HISTORY OF SOUTH AFRICAN LAND DISTRIBUTION POLICY Series: COVER STORY. Africans Reclaim Their Native Land. Second of 2 Articlea Appearing Today
Justin Burke, writer of The Christian Science Monitor, The Christian Science Monitor
1913: Union Parliament passes a law reserving about 7 percent of land for black South Africans.
1923: Separate residential areas for blacks are created. Pass laws are instituted.
1927: Parliament passes a law laying foundation for forced removal of blacks by government decree.
1936: Land law adds a further 6 percent of land for blacks, allocating 13 percent of the land for 73 percent of the people.
1948: National Party comes to power.
1950: Group Areas Act creates separate residential areas for mixed-race, coloured, and Indian minorities.
1951: Tribal authorities set up in the black homelands. Prevention of Illegal Squatting Act passed.
1952: Pass laws are drastically tightened.
1955: Massive forced removals under Group Areas Act begin.
1959: Foundation is laid for nominally independent black homelands.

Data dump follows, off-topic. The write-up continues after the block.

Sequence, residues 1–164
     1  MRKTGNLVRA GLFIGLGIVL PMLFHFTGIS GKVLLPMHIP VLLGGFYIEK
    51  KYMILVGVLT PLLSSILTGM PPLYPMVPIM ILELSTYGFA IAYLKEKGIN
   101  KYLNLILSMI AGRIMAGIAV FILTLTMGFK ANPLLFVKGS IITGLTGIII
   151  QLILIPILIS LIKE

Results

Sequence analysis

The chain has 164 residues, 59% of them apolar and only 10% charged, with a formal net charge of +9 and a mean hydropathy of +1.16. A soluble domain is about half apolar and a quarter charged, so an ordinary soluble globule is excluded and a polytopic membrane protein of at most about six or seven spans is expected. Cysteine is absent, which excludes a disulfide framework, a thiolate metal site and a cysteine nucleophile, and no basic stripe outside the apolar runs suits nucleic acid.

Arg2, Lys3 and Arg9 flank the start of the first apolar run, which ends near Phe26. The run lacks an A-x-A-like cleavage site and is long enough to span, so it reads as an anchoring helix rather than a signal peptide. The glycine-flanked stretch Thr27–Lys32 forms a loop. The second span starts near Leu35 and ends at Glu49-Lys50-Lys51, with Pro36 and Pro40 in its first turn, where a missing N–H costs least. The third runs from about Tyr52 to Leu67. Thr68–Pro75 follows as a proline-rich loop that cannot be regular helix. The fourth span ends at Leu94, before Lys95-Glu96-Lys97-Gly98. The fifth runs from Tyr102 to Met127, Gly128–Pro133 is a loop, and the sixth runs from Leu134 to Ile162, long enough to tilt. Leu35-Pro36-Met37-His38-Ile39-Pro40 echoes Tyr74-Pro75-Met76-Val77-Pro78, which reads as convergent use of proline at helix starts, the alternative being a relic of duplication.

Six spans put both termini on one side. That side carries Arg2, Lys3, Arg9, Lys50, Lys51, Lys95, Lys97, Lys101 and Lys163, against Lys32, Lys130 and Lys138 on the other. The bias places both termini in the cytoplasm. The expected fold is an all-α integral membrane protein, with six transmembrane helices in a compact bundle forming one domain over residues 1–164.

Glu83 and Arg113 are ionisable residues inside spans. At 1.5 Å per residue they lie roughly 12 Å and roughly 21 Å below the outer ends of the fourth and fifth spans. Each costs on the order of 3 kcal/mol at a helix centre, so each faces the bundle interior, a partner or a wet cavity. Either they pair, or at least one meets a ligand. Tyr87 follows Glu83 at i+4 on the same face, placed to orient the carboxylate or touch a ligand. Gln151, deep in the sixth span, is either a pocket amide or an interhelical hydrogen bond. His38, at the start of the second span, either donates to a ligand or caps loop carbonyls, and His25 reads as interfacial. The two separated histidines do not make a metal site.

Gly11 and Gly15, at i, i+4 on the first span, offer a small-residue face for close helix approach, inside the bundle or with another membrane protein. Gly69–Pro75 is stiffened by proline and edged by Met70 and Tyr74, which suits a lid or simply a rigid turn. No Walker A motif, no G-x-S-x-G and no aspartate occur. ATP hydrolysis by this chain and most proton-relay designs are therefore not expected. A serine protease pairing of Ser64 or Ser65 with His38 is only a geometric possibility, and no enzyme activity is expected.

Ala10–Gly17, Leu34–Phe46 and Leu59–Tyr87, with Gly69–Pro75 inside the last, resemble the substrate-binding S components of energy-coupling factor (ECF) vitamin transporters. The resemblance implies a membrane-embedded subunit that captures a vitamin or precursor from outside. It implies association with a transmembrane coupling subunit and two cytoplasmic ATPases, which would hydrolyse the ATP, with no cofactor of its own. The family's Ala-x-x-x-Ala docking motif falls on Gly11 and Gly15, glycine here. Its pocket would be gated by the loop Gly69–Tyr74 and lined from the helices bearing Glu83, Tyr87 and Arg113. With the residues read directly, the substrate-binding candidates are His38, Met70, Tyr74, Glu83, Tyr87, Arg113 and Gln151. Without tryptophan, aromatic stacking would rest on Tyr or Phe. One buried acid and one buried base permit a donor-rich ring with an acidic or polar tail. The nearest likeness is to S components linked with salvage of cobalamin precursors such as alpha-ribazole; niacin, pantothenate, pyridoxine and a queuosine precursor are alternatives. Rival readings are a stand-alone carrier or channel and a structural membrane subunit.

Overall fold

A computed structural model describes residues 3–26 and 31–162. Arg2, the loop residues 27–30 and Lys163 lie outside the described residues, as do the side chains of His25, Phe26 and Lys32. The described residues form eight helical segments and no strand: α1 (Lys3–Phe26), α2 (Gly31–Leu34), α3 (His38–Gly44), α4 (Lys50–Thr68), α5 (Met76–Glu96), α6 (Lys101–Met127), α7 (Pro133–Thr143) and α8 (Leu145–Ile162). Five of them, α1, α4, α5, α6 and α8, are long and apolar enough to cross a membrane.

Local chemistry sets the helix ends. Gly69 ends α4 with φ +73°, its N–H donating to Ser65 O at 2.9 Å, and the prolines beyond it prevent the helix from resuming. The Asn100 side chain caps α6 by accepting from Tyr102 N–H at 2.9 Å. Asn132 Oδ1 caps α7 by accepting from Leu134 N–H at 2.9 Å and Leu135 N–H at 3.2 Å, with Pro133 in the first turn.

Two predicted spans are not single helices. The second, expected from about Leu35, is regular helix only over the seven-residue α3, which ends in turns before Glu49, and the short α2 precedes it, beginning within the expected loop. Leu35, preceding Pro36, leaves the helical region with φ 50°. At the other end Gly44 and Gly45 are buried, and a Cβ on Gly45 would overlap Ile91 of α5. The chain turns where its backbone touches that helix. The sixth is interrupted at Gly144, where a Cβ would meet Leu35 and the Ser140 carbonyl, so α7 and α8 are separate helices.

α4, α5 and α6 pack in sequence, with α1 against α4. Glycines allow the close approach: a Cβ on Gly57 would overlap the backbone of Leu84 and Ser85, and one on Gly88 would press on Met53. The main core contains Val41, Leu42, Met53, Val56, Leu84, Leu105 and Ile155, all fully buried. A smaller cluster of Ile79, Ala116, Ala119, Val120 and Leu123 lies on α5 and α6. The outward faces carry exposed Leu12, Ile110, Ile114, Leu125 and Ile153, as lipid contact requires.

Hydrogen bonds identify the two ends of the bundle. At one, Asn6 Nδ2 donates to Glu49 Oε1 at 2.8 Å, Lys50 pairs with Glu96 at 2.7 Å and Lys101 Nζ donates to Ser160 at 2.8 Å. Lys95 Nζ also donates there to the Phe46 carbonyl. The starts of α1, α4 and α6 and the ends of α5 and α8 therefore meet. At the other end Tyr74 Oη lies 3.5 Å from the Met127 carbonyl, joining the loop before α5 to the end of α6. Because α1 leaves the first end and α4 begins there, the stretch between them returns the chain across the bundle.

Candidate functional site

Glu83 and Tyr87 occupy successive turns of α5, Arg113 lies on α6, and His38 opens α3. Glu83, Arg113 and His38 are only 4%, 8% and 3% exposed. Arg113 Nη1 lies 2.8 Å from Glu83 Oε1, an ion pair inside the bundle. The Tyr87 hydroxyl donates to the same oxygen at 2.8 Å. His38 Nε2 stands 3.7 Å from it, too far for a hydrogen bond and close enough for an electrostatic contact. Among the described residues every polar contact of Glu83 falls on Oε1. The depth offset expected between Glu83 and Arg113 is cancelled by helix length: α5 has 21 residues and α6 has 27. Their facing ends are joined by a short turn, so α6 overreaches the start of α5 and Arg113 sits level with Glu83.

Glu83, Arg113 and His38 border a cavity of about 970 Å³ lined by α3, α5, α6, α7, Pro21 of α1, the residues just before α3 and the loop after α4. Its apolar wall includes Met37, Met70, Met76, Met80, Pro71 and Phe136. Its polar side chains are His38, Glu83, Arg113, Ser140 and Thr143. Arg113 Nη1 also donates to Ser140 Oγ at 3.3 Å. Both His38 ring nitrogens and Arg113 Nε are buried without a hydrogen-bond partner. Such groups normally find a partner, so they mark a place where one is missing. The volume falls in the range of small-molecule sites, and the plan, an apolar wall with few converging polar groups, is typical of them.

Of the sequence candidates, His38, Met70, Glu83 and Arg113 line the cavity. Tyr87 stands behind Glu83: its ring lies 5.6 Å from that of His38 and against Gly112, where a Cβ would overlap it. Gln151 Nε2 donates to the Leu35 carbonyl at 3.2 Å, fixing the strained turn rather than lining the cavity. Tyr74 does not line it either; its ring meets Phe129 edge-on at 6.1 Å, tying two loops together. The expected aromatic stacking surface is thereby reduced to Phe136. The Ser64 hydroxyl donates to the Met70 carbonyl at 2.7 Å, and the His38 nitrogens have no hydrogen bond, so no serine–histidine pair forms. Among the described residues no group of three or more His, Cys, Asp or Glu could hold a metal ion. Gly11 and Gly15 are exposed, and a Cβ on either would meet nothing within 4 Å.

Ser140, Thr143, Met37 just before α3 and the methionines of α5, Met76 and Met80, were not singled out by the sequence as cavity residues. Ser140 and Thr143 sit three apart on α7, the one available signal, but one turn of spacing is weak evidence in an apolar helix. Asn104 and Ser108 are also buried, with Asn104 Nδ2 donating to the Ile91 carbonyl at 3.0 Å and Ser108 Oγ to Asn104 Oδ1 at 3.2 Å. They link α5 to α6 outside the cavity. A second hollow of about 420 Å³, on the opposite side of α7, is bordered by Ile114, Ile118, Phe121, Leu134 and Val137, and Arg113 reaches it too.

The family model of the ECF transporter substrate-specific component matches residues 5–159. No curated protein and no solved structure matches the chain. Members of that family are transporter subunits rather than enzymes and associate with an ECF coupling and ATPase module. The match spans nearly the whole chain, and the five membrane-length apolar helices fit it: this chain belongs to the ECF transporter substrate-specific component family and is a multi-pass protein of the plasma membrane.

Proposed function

1960: Massive forced removals of black urban and rural communities begin.
1964 and 1968: Pass laws and migrant-labor system further tightened.
1970: Citizenship law allowed all blacks to be stripped of their South African citizenship as black homelands are granted …
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Publication information: Article title: HISTORY OF SOUTH AFRICAN LAND DISTRIBUTION POLICY Series: COVER STORY. Africans Reclaim Their Native Land. Second of 2 Articlea Appearing Today. Contributors: Justin Burke, writer of The Christian Science Monitor - Author. Newspaper title: The Christian Science Monitor. Publication date: January 1, 1994. Page number: 11. © 2009 The Christian Science Publishing Society. Provided by ProQuest LLC. All Rights Reserved.
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